The issue of where and how to bury the corpse of Ferdinand Marcos has less to do with the past than with the future. There is little we can do with our memory of the Marcos past except to clarify and write it. But there is much we can do still to redress the injury and the pain that the Marcos regime inflicted upon the nation. The burial issue must be resolved in the light of that objective.
In thinking our way through this emotional issue, it is useful, first of all, to be clear about a few things. There is admittedly something disgraceful about a dead person lying unburied; it violates all our sense of humanity regardless of religious faith. But Marcos does not lie unburied. His family, for reasons of its own, has chosen to inter his remains in a refrigerated glass crypt. That the Marcos tomb is designated as a temporary resting place is no one’s choice but the Marcos family’s alone. No one is preventing them from finding a permanent private ground in which the remains of the former president can rest.
What Imelda Marcos demands, however, is not simply that the remains of Ferdinand be buried – for they are buried – but that they be buried specifically on public ground, where the nation’s veterans and soldiers lie, in ceremonies befitting a former president of the republic.
Marcos is clearly entitled to be buried in that special cemetery known as the Libingan ng mga Bayani; he was a soldier and veteran of the last war. That some of his medals were subsequently exposed to be fake does not erase the fact that he fought for country in the last war. Unless we think the Libingan ng mga Bayani is meant only for undisputed heroes, whatever that might mean, I believe Marcos deserves a place in that cemetery.
The greater controversy, however, arises from Imelda’s demand that her husband be buried also with full state honors appropriate to his stature as a former president. That Marcos was a former president is a fact that cannot be disputed. That he was also a president who nearly destroyed the nation was, however, politically and morally resolved at Edsa. I do not believe that history renders final judgments. But it is clear to me that, by what we have done in the last 12 years and by what we continue to do now, we cannot possibly think of Ferdinand Marcos as someone who deserves to be honored and extolled as an exemplar for national leaders.
Just as it is unthinkable for Iran’s present government to bring back the corpse of the late Shah and accord it full honors, or for Germany to give Hitler a proper burial because he was after all a former Chancellor, so too should it be inconceivable for the Filipino people today to go back in time and officially mourn the passing of a president they had deposed for betraying the nation. Nations may and do indeed own up to past mistakes. But this is accomplished only in full awareness of what is being done, never as the implied premise of what may be but a simple gesture of kindness.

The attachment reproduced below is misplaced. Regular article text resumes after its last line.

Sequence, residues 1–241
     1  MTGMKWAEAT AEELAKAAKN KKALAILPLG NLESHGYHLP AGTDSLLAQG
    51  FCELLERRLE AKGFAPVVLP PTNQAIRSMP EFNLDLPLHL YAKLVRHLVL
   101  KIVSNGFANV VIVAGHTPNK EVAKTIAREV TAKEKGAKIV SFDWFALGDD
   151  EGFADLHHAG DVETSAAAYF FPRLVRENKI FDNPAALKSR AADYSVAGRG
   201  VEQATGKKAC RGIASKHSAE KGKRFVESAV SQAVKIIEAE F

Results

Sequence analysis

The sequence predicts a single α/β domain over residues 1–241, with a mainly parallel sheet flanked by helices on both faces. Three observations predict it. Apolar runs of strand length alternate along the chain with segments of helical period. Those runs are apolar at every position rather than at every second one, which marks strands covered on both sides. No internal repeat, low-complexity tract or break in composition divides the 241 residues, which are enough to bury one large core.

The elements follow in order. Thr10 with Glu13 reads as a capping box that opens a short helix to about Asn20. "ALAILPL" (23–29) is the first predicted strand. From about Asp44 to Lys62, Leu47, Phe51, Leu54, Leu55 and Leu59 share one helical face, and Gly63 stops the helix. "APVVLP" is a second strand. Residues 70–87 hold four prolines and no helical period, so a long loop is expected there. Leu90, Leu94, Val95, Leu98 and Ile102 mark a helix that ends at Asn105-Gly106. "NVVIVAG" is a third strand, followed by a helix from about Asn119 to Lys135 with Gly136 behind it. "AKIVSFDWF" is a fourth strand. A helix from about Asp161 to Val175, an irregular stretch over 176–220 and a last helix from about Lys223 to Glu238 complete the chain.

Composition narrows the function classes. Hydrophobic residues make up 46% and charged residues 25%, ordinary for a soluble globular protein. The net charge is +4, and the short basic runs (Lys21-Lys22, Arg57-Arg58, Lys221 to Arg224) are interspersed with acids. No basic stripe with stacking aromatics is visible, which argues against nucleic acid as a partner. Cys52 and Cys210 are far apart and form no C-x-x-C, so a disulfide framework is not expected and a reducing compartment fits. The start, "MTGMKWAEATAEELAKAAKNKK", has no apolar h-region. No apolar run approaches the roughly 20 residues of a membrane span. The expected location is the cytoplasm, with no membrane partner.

To honor Marcos today is not just to mock the pain and the horror the nation suffered from the abuses and corruption of the Martial Law years, it is also to undermine the moral basis for prosecuting criminal and civil cases still pending against the Marcoses and their cronies. But more than this, to honor the legacy of the Marcos presidency would be to prepare the ground for future adventurers who would, with impunity, stage a coup against their own state to prolong their grip on power.
My main worry is not over the fact that what we do now may be inconsistent with our past beliefs. For that would only require either a reweaving of our belief system or a revision of the meaning of our present actions. Far more crucial, I believe, is that what we do today as a nation should be consistent with what we intend to be tomorrow. For, in the final analysis, our concept of the future is the only base on which we can stand, the only spot where we can take a measure of things on still trembling ground.
It does not require much thinking to know that what Imelda seeks to control by insisting on a hero’s burial for Ferdinand is not so much her husband’s place in our nation’s past as the future of her family’s fortune. It is also the principal reason why the family must remain active politically. A permanently disgraced Marcos spells continuing political vulnerability for the family. Vulnerability means their hold on the stolen wealth remains shaky. The unresolved cases against them and the cronies will continue to hang over them like the sword of Damocles.
A national reconciliation with the ghost of Marcos, sealed with state honors upon his corpse, would be Imelda’s passport to negotiating a practical settlement on the stolen wealth and the withdrawal of all cases against the family. At the level of meanings, it would be as if Martial Law never happened, Marcos died but never left, and the Edsa Revolution was nothing but a fantasy. This is Imelda’s project. But what is ours?
Twelve years have passed since the Marcoses fled from Malacanang. Marcos died without a criminal case being proven against him. It is a failure that will forever haunt us. None of the big corruption cases that could give our people a picture of the extent of the plunder of the nation’s treasury has been proven against members of the Marcos family or their cronies. That too will forever haunt us.
On this year of our Centennial, it would be an outrage to compound these failures by now honoring a man we should have sent to jail but failed to convict. To confer state honors on Marcos would be to disparage a goal that alone gives warrant to our current national celebration — to achieve a nation built on justice.
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